Voting rights lawsuits challenge lack of black high court justices

The all-white Alabama Supreme Court presides over a state in which nearly a quarter of the population is African American. A pending lawsuit challenges the way those justices are elected. Photo is from the court's website.

Federal courts in Alabama and Arkansas will soon decide whether to order changes to supreme court elections to level the playing field for black voters.

In Arkansas, the NAACP Legal Defense and Educational Fund (LDF) has filed suit arguing that statewide elections violate the Voting Rights Act (VRA) by systematically harming the chances of candidates supported by black communities. An Alabama judge will hear arguments next month in a similar lawsuit filed by the Lawyers' Committee for Civil Rights Under Law.*
The groups are asking the courts to order the election of high court justices by districts, instead of statewide, or implement other changes that would give black communities a chance to elect their preferred candidates. The lawsuits cite the states' history of discrimination against black voters. 
In Arkansas, where 15 percent of the state's population is African American, no black justice has ever been elected to the seven-member state Supreme Court. 
"When the methods for electing judges result in diluting Black votes, Black voters are silenced," said LDF lawyer Natasha Merle. "Arkansas must open the political process and provide avenues for fair voting for all of its citizens."
In Alabama, more than a quarter of the state's population is black, but none of the state's 19 current appellate judges are black. While the Alabama Supreme Court has had black justices in the past, they were all appointed by the governor before winning re-election as incumbents. And two of those justices lost their re-election bids in 2000, in the midst of the court's change from all-Democrat to all-Republican.
A similar lawsuit, filed on behalf of Latino voters in Texas, was dismissed by a district court judge in 2018. The lawsuit noted that half of the state's population but only two of its 18 Supreme Court justices are Latino. In its opinion, the court acknowledged that Latino justices are re-elected at lower rates, but it blamed that disparity on political party, not the structure of judicial elections.
In some Southern states, such VRA lawsuits have helped foster judicial diversity. For example, federal courts have ordered new districts in Louisiana for the high court and for Terrebonne Parish, a community near New Orleans where a white judge was re-elected in 2008 despite being suspended for wearing blackface and an orange jumpsuit at a Halloween party.

White judges in Arkansas 

LDF sued Arkansas 30 years ago over its trial court elections. In Hunt v. Arkansas, the state agreed to create new election districts to "provide African American voters improved and equal access to the political processes for electing judges."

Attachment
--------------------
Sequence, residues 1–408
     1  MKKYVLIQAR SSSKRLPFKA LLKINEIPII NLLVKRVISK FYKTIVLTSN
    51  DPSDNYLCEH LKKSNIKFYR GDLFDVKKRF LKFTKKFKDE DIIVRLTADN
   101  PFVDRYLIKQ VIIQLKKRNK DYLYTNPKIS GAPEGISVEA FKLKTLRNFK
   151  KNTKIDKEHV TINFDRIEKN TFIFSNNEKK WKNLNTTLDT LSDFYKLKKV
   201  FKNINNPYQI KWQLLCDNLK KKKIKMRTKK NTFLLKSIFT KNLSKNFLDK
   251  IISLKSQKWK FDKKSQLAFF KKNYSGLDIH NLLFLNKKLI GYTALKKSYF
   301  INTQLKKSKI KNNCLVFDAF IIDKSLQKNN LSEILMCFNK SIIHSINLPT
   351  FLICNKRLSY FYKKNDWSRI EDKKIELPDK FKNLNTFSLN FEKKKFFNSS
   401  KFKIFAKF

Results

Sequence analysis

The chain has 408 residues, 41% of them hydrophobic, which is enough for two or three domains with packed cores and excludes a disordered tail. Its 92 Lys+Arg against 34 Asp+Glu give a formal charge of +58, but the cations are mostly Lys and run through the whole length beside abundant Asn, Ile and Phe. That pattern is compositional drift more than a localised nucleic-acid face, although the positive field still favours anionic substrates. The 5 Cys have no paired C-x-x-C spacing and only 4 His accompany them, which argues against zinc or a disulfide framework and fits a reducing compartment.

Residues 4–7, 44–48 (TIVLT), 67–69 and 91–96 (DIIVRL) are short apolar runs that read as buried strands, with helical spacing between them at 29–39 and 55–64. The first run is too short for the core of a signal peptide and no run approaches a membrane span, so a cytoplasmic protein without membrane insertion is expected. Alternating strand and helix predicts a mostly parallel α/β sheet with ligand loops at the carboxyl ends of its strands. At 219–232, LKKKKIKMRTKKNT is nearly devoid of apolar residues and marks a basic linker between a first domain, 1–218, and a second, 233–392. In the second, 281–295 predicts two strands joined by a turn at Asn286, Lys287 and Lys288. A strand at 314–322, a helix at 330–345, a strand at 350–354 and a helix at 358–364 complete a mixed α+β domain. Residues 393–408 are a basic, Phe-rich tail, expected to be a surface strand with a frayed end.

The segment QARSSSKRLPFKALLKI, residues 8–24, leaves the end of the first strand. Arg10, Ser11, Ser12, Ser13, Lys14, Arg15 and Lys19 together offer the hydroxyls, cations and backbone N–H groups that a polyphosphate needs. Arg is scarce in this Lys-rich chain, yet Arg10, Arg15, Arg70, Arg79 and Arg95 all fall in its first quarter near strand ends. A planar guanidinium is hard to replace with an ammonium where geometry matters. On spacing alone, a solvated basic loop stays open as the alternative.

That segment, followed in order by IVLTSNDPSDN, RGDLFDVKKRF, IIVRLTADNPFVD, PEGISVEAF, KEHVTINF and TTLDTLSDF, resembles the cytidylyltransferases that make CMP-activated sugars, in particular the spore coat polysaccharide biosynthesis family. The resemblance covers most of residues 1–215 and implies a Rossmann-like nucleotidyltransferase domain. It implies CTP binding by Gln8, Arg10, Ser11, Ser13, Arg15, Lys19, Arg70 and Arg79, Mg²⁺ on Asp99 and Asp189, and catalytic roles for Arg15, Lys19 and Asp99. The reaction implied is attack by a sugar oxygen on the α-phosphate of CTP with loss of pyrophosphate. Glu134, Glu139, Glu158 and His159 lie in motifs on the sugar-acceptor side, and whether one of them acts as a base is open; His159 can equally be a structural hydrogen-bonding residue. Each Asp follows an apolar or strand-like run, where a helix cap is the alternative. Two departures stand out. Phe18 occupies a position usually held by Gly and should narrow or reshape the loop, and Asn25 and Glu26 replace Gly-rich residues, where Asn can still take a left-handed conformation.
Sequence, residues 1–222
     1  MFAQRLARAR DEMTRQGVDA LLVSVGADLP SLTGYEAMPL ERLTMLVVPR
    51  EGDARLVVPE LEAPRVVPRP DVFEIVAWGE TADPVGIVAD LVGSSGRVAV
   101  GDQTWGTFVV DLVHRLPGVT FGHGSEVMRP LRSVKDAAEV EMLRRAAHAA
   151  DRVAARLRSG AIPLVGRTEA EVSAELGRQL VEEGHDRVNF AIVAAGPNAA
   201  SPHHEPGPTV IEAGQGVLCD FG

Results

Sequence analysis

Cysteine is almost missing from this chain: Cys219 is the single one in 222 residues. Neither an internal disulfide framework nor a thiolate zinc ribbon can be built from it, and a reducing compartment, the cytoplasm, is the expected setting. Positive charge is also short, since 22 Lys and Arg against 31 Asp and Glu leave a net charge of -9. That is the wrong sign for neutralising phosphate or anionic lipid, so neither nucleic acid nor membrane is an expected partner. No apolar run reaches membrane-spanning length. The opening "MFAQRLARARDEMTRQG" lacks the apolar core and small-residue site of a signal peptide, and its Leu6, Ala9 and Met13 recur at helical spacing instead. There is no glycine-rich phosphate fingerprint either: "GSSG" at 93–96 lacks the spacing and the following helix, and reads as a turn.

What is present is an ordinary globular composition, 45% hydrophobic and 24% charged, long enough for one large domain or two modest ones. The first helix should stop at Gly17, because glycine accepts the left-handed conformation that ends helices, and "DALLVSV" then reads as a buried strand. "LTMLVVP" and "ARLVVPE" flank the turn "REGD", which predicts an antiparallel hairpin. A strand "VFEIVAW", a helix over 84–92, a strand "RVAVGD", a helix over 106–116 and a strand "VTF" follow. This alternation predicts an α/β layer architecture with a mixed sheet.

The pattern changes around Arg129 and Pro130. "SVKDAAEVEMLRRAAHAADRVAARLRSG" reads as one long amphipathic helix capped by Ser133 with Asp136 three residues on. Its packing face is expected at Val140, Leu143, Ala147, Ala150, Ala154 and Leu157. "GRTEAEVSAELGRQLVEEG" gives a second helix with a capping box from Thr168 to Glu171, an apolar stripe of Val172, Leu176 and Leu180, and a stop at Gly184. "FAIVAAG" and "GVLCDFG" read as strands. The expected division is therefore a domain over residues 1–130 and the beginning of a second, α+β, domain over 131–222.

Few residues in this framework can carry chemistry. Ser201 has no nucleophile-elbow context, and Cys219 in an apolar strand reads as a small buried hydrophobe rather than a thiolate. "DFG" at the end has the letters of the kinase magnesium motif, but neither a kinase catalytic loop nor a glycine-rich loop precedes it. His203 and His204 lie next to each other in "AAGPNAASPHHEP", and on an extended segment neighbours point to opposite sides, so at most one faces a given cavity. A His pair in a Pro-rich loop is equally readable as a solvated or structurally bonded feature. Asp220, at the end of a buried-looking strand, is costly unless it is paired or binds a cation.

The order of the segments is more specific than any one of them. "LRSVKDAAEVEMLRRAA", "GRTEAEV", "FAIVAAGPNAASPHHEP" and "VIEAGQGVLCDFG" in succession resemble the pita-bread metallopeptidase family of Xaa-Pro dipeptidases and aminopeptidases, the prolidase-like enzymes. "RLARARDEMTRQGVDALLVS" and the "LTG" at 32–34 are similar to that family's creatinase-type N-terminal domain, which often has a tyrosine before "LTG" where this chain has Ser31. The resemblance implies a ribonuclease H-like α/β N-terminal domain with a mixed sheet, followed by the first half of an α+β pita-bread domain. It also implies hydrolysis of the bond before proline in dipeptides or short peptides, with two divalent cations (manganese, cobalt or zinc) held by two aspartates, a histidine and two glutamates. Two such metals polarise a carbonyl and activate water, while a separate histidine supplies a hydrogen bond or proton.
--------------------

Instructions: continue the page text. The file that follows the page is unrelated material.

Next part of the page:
Judge Wendell Griffen of Little Rock was elected in one of those districts. An outspoken civil rights advocate, Griffen is also one of the few black judges to have served on the Arkansas Court of Appeals, but he lost his 2008 re-election bid by a wide margin to a white challenger. 
As LDF's new lawsuit notes, "In over two decades, no Black candidate for the Arkansas Court of Appeals has ever won against a white candidate or in a district comprised of a white voter majority."
Only one of the court's 12 current judges, Waymond Brown, is black, and he was first elected by defeating another black candidate. The population of Brown's district is 49 percent black, and the other districts are "overwhelmingly white," according to LDF's complaint. The lawsuit asks that these districts be redrawn. 
As the lawsuit moves forward, Max Brantley of Arkansas Blog reported that some leaders want the federal court to release the state from the decades-old Hunt agreement: "The theory is that the world, according to some recent U.S. Supreme Court law, is 'post-racial' and affirmative steps taken in support of equalizing opportunity for blacks amount to reverse racial discrimination."

Vanishing judicial diversity

Federal courts nationwide are becoming less diverse, as President Trump appoints and the U.S. Senate rapidly confirms nominees who are nearly all white. To date, the administration has appointed 41 judges to federal courts of appeal, and none of them are black or Latino. The president has appointed one person of color, a very conservative Asian judge, to the 5th U.S. Circuit Court of Appeals, which hears cases from Louisiana, Mississippi, and Texas.
Trump has the worst record on judicial diversity of any president since Ronald Reagan. As a consequence, the country is becoming more diverse as its federal courts are becoming whiter. 
Some Southern communities are also losing representation in their state courts. Earlier this year, for example, Florida lost its only black justice, while courts in Atlanta have fewer black judges than they did 15 years ago. However, some courts in Texas, North Carolina, and other states are more diverse than ever. 
Some studies have shown that judicial diversity may impact decision-making in appellate courts, where cases are decided by groups of judges. Judge Carl Stewart, one of three black judges to have served on the 5th Circuit, said that "just our presence makes a difference."

*This story originally said the Alabama lawsuit was filed by LDF. It was actually filed by the Lawyers Committee.